The single biggest CC violation is failure to properly attribute the artist. This violation automatically invalidates the CC license and can even lead to a lawsuit by the artist under copyright law. Unlike some of the other CC conditions, the attribution requirement is not ambiguous in its wording at all. You simply must attribute the artist and specify the license under which the work is used.
All other conditions are a nebulous ambiguity
As worded by Creative Commons, no one has any idea what “Noncommercial” or “No Derivative” means. These terms can mean different things in different industries, and to different people. Creative Commons has done little or nothing yet to resolve this (though they do have a study under way to try to define noncommercial.) As interpreted by many artists, a no derivative, noncommercial use would be more restrictive than what is already covered under Fair Use in US copyright law. Thus the CC license (as interpreted in their minds) is at best redundant and at worst unenforceable. Unfortunately, there is a lot of room for misunderstandings here between artist and user.
Model releases are still required
Creative Commons does not erase the need for model releases where they are normally required. Virgin Mobile figured this out the hard way. Users of CC licensed images still have a responsibility to ensure that proper model releases exist, subject to the same standards as under copyright. There is nothing in the CC license that changes this.
Authenticity of the license must be verified
You need to be sure the person granting the license is actually the copyright holder. It is very easy to falsify a Creative Commons license. This is one of the biggest complaints about Creative Commons, however it should be noted that similar risks exist under normal intellectual property law (copyrights, trademarks, patents), as well as under other licensing arrangements. If a malicious third party falsifies a CC license for a work, and you use the work under that license, you are still subject to legal action by the true copyright holder.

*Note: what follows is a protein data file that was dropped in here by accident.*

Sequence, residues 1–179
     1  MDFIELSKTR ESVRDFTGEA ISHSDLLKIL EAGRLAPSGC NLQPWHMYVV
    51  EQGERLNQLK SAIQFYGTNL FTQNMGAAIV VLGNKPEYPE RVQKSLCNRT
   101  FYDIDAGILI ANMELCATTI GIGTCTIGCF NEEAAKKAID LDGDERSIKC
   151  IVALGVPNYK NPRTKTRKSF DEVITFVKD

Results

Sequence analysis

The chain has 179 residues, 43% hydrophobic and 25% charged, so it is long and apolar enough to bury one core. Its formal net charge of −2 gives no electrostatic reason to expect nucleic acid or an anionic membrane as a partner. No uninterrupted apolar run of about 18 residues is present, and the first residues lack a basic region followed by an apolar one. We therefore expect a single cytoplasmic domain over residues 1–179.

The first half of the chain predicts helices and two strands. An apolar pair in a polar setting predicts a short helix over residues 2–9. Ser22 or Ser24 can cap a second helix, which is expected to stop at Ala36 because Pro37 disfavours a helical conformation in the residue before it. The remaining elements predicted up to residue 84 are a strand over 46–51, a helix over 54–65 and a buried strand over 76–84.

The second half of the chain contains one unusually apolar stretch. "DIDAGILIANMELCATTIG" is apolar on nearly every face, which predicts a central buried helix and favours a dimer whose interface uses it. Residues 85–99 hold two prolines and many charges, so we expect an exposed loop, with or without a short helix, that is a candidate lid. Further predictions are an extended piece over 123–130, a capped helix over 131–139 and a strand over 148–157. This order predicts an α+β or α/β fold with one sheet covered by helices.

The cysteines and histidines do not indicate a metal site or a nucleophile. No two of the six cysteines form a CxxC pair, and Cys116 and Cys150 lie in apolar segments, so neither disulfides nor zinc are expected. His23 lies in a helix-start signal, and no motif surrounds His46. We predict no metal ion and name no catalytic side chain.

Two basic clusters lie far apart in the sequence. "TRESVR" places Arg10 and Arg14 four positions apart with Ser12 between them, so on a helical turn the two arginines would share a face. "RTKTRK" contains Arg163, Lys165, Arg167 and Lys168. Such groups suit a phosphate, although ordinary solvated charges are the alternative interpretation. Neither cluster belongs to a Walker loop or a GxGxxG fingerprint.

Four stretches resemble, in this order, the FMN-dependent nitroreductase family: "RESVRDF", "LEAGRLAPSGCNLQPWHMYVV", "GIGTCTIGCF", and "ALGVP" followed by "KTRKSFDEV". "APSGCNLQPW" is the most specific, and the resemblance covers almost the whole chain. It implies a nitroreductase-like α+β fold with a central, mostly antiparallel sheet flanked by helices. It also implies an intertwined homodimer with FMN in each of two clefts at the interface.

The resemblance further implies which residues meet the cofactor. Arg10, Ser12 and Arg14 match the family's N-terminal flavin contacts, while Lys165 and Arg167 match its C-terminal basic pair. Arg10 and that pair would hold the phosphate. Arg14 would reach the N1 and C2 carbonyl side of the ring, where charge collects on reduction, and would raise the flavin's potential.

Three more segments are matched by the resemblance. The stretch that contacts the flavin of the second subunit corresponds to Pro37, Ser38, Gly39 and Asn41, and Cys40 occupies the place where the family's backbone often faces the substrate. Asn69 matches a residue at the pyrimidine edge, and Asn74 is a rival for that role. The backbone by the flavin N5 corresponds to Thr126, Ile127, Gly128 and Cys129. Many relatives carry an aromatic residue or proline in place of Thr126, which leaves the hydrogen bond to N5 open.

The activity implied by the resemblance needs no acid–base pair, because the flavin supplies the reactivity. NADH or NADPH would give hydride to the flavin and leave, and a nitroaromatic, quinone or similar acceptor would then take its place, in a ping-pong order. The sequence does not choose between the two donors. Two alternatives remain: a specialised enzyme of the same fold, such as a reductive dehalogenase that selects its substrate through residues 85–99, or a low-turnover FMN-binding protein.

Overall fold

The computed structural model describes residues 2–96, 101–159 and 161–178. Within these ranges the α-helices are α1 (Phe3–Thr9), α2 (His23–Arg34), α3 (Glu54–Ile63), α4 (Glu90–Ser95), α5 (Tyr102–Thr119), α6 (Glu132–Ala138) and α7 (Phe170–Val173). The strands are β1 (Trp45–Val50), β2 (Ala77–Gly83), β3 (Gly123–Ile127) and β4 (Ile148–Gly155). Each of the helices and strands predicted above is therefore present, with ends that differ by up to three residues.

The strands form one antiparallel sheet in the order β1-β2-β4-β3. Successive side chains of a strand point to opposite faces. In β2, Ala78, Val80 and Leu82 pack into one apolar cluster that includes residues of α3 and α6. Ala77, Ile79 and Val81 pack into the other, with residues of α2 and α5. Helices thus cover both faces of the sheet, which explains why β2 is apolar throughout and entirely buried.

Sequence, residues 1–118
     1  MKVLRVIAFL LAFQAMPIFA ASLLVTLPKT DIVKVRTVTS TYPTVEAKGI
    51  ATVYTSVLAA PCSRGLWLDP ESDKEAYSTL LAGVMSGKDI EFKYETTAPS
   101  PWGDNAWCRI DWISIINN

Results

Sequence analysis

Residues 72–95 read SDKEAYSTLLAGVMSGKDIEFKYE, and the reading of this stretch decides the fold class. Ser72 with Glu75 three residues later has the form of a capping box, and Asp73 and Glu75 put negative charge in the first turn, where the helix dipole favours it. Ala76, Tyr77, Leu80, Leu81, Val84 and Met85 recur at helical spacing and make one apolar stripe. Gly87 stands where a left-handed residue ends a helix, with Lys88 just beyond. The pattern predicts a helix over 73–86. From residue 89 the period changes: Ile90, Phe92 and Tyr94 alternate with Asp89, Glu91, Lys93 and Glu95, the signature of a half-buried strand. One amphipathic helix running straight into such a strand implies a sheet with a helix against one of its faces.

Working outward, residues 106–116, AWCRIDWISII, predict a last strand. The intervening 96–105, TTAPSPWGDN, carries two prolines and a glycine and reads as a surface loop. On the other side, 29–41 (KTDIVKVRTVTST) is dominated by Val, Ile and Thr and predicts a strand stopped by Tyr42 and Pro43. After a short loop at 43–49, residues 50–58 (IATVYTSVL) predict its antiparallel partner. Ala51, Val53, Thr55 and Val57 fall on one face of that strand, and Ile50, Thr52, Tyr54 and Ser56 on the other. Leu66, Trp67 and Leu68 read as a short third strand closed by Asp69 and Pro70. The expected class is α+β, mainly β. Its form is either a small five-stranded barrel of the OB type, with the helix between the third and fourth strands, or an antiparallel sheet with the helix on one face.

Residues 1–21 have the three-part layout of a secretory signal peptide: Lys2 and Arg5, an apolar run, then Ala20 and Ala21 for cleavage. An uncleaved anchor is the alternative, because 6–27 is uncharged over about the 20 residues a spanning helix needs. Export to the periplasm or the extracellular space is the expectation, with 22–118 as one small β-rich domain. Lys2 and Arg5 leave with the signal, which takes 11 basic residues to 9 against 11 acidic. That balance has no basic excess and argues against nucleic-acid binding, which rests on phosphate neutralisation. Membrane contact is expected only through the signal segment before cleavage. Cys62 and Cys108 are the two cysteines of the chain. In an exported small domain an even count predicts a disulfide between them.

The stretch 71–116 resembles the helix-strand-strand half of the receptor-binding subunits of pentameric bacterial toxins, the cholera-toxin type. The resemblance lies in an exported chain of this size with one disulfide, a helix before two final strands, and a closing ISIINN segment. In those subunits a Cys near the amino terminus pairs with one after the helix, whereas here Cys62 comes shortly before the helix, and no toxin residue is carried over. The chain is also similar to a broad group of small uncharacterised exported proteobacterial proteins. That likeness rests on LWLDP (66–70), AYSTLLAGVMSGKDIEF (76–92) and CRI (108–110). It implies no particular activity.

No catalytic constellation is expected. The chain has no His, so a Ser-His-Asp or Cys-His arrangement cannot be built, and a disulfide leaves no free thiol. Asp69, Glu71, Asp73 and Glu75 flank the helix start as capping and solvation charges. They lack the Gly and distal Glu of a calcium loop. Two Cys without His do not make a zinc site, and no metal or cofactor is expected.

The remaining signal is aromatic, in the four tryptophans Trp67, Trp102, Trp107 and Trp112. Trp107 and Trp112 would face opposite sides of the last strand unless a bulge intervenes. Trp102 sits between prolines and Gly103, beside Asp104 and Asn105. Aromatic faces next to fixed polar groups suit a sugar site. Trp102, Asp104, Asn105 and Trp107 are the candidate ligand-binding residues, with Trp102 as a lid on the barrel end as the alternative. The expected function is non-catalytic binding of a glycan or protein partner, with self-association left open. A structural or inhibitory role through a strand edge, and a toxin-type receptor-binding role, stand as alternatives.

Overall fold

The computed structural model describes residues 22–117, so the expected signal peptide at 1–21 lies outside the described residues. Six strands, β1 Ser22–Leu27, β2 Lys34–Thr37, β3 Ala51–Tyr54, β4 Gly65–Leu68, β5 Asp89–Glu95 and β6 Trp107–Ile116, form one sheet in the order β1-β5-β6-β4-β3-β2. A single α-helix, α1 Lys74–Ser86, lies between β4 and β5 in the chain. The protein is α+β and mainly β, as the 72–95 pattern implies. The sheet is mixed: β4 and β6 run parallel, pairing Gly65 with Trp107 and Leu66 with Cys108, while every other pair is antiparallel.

The user must retain proof of the license
There is no central database for Creative Commons licenses, and no recorded transaction that takes place. Meanwhile, the copyright holder can modify or revoke the Creative Commons status of a work at any time. Existing users are still covered under the old license, but only if they can prove what license was granted. There is no system in place to do this for you, so you have to be prepared to manage this yourself (which is not always that simple.) Gradually, services are emerging to help with this, such as ImageStamper, but for many kinds of content there is still no easy answer.
It’s not a shortcut
Creative Commons is very different from a traditional usage license, and shouldn’t be treated like “free stock.” For publishers, this might open the door to some innovative new business models, as long as risks can be mitigated by avoiding content that appears to be high risk, and problem content can be pulled easily if needed. For artists, it can be a useful tool to expand your reach, as long as you can tolerate other people freely distributing your work.
Let me know in the comments. I’d like to hear your experiences, good or bad, with Creative Commons. Feedback on the accuracy or clarity of this article is also encouraged.